Toronto-based drone logistics firm Drone Delivery Canada has unveiled the next generation of its Sparrow aircraft. The company says the new drone, which will be commercialized as the Canary, has already passed its first tests successfully.
While the exact numbers will be determined by future testing, the Canary by Drone Delivery Canada is expected to have a range of approximately 20 km and a cargo capacity of 4.5 kg. This aircraft is being equipped with a new motor configuration, next-generation smart battery technology, touchless cargo-drop functionality, a future optional public announcement system, and an optional aircraft parachute.
Drone Delivery Canada says these new functionalities will unlock potential customer use-cases and facilitate flights over people to open new, commercially addressable future markets in urban and residential areas for both B2B and B2C retail residential deliveries.
Meanwhile, the tests Canary has already passed include avionics system configuration, communications with the FLYTE software system, communications with the next-generation smart battery system, propulsion system (motor spin/direction) testing, and on-board sensor testing.
Michael Zahra, president and CEO of Drone Delivery Canada, says in a statement:
Canary’s new functionality, especially the aircraft parachute, unlocks potential future use cases that are currently challenging to address – like flights over people, plus urban and residential deliveries. Being able to address these applications with our award-winning solution is on our strategic roadmap and is expected to open up potentially significant and currently underserved markets.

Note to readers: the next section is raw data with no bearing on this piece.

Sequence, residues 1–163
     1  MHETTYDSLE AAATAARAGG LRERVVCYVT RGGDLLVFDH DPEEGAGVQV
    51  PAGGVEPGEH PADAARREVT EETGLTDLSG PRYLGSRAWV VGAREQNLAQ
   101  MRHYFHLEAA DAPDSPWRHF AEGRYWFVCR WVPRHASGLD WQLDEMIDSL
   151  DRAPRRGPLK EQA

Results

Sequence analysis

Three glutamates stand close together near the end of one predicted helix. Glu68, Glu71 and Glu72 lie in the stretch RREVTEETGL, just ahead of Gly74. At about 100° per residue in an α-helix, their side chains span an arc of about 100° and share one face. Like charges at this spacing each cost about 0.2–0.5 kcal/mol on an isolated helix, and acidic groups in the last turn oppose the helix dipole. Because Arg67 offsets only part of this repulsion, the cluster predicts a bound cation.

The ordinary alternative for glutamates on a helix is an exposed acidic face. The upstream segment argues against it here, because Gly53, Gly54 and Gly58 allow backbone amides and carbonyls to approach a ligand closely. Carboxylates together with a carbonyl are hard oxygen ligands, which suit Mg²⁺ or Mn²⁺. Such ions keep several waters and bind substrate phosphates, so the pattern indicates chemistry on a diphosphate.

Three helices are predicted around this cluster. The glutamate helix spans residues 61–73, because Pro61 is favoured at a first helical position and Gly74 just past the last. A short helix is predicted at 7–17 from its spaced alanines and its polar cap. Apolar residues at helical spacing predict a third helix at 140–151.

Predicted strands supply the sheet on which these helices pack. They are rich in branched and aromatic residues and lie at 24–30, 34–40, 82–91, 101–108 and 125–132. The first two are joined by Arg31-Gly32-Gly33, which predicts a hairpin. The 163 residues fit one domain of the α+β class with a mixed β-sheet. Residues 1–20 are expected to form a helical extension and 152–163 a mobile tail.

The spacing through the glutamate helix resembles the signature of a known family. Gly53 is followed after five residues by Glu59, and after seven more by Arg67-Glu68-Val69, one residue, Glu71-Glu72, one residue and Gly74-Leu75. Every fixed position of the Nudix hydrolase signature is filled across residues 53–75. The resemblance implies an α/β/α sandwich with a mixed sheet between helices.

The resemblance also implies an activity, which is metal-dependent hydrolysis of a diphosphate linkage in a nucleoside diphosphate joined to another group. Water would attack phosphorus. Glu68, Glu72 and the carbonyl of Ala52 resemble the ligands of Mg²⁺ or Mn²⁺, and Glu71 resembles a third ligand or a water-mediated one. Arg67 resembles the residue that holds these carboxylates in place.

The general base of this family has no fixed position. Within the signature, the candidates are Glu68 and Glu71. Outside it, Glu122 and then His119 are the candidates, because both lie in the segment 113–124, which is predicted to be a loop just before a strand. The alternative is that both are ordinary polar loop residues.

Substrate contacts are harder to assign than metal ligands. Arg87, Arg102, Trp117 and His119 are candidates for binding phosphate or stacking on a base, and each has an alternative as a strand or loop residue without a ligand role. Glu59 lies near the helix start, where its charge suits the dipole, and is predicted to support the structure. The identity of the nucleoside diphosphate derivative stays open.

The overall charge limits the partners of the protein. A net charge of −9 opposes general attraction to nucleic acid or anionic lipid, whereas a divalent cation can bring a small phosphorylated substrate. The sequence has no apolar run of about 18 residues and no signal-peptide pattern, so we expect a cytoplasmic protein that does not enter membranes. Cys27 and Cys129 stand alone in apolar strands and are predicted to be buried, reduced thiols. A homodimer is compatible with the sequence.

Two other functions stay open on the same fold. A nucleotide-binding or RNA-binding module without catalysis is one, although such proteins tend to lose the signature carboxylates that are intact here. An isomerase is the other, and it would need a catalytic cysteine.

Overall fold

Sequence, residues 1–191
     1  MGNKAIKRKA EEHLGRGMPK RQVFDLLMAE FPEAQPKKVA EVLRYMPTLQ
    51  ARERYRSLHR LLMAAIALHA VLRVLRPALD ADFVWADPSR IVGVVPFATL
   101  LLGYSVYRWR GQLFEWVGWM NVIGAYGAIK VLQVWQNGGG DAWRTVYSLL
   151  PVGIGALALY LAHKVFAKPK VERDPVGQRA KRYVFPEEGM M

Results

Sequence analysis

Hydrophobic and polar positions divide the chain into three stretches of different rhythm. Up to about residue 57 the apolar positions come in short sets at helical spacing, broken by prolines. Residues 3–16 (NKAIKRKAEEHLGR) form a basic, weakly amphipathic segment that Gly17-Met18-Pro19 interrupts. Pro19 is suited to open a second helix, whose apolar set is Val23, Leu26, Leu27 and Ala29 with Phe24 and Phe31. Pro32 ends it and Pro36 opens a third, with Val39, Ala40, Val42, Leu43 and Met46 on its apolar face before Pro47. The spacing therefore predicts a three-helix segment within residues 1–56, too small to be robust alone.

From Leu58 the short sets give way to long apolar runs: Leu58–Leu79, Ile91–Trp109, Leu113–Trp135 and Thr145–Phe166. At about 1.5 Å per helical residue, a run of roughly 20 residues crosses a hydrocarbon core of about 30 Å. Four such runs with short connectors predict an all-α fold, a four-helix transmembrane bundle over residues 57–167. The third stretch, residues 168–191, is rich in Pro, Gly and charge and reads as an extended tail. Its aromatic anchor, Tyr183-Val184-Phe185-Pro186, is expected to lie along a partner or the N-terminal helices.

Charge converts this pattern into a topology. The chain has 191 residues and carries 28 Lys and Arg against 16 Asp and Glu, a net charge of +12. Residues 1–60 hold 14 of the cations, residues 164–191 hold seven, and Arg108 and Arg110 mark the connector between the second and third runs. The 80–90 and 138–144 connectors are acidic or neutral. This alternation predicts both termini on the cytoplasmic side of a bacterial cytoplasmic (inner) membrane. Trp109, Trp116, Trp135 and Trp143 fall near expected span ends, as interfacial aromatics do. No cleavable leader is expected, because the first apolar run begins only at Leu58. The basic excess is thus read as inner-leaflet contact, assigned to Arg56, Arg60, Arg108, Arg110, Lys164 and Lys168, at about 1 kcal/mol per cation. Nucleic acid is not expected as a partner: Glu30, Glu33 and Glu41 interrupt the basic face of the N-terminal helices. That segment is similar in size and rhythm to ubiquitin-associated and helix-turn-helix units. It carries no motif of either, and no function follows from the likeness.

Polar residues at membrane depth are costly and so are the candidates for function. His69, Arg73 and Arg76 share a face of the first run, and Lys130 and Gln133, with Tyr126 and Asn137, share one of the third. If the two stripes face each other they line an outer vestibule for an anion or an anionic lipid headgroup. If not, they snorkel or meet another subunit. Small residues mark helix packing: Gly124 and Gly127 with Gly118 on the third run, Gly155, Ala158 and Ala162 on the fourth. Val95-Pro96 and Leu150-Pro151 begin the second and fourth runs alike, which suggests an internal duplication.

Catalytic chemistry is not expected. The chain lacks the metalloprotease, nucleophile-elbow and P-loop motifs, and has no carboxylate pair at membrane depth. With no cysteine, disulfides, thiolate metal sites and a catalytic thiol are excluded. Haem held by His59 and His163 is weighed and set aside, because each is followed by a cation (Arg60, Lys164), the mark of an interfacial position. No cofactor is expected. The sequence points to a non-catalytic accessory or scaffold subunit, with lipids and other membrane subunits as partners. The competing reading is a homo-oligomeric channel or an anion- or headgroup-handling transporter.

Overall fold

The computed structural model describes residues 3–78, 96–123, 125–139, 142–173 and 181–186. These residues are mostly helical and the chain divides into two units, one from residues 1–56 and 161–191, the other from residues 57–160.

In the meantime, the current version of Sparrow will continue to operate commercially at customer projects, while also being available to future customers. The company is also looking to complete the commercialization of the previously announced Robin XL aircraft, depending on market demands.
Drone Delivery Canada is also working toward the development of ground-based and airborne detect-and-avoid systems, which are expected to open new commercially viable uses cases and BVLOS operations even further while reducing operational costs.
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